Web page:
Wilson was 26 when he made his debut against India at Kolkata as replacement for Paul Reiffel who was injured. India made 5/633 with Australia bowling 159 overs and Wilson bowling just 12 overs due to osteitis pubis. Wilson was replaced by Adam Dale in the Third Test and was never really in contention again. He did play 11 one day matches in the home summer prior to the India tour for 13 wickets and best figures of 3/39. Wilson played first class cricket until 2003-2004 and took 151 wickets from 51 games. He is now an umpire having umpired eight Tests including standing in the 2023 World Cup and with the man he replaced for his Test debut in Paul Reiffel.




Other one Test players for Australia

Bransby Cooper 1877 18 runs, played in the first ever test.


Ned Gregory 1877 11 runs, played in the first ever test.


Frank Allan 1879 5 runs 4 wickets.


Tom Groube 1880 11 runs


William Moule 1880 40 runs, 3 wickets


Jim Slight 1880 11 runs


George Coulthard 1882 6 runs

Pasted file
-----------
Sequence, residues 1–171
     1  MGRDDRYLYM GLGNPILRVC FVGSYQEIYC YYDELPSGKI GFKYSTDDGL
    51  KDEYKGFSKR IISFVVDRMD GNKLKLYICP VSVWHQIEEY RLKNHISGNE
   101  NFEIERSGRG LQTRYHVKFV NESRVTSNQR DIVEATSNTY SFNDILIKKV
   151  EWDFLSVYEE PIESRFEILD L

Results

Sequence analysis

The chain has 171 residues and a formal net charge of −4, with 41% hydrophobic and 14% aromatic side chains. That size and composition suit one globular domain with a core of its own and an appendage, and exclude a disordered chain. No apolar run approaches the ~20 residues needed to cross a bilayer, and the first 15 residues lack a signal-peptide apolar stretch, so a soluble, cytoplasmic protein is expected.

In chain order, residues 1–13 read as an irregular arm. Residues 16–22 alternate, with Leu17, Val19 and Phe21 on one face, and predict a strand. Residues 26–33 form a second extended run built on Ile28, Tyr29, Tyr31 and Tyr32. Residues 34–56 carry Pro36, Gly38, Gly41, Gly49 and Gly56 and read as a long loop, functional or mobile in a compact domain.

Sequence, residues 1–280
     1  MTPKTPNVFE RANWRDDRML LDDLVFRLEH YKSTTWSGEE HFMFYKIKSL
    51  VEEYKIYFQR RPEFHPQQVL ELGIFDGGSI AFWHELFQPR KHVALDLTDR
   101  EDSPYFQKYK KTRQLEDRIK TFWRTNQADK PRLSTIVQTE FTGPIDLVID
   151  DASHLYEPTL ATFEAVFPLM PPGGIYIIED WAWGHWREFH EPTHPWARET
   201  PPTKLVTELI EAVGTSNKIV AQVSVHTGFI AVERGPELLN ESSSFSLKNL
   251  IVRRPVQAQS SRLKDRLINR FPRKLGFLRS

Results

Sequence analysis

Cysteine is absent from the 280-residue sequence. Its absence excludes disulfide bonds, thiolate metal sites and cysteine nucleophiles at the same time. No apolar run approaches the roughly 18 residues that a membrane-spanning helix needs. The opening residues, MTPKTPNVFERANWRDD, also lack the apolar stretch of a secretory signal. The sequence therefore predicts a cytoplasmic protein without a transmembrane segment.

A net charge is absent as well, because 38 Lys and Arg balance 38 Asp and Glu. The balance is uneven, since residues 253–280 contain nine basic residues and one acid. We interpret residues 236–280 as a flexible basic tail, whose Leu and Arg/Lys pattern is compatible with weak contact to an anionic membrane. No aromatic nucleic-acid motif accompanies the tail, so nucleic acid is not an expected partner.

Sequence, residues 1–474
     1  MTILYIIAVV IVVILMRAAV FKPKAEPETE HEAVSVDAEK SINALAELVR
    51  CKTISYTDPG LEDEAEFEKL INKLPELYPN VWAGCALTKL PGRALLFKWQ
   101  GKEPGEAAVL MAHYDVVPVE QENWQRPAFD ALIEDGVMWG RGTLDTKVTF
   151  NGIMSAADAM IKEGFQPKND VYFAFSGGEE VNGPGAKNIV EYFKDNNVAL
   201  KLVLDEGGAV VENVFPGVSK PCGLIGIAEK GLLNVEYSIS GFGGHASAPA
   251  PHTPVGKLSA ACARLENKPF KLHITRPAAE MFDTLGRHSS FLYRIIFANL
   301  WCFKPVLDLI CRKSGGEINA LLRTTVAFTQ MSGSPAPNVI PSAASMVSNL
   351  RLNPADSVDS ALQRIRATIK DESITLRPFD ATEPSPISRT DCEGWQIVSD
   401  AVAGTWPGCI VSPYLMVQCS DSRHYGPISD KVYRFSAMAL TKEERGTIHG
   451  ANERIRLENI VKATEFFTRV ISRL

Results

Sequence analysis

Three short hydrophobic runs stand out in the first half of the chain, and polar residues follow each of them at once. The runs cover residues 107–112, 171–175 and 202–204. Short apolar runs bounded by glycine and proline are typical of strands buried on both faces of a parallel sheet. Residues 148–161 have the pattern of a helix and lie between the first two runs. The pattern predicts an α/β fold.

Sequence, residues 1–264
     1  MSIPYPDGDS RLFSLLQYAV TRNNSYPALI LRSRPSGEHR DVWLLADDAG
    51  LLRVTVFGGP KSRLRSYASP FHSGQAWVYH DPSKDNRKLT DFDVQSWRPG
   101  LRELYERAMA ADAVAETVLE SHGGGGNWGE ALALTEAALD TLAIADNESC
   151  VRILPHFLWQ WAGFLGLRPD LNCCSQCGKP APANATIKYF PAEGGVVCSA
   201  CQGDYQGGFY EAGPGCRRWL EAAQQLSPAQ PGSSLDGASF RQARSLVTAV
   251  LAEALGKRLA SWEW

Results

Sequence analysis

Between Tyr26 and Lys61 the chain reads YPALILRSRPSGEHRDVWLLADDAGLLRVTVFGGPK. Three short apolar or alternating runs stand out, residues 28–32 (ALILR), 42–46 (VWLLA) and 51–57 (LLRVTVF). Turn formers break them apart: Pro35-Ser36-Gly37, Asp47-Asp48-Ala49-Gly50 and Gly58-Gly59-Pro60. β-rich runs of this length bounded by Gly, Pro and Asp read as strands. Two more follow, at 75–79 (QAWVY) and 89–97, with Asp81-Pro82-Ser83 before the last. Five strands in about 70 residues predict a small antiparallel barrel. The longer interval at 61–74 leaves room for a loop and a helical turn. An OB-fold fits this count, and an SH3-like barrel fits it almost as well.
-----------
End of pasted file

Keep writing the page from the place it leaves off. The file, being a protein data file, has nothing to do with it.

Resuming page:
Percy Marr 1885 5 runs


Samuel Morris 1885 14 runs, 2 wickets


Harry Musgrove 1885 13 runs


Roland Pope 1885 3 runs


Digger Robertson 1885 2 runs, 0 wickets


Francis Walters 1885 12 runs


John Mcilwraith 1886 9 runs


Reginald Allen 1887 44 runs


John Cottam 1887 4 runs


Jack Reedman 1894 21 runs, 1 wicket


Arthur Coningham 1895 13 runs, 2 wickets


John Harry 1895 8 runs


Joe Travers 1902 10 runs


John McLaren 1912 0 runs, 1 wicket


Roy Park 1921 0 runs, 0 wickets

Legend has it his wife dropped her knitting when Park was about to face his first ball, she bent down to get it and missed Park getting out and hence his entire Test career.


Albert Hartkopf 1925 80 runs, HS 80, 1 wicket


Otto Nothling 1928 52 runs, 0 wickets


Bill Hunt 1932 0 runs, 0 wickets


Pud Thurlow 1932 0 runs, 0 wickets

Lisle Nagel 1932 21 runs, 2 wickets


Hammy Love 1933 8 runs


Harry Alexander 1933 17 runs 1 wicket.


Hans Ebeling 1934 43 runs, 3 wickets


Ray Robinson 1936 5 runs


Ken Meuleman 1946 0 runs


Fred Freer 1946 28 runs, 3 wickets


Merv Harvey 1947 43 runs

Merv is the older brother of Neil.


Len Johnson 1948 25 runs


George Thoms 1952 44 runs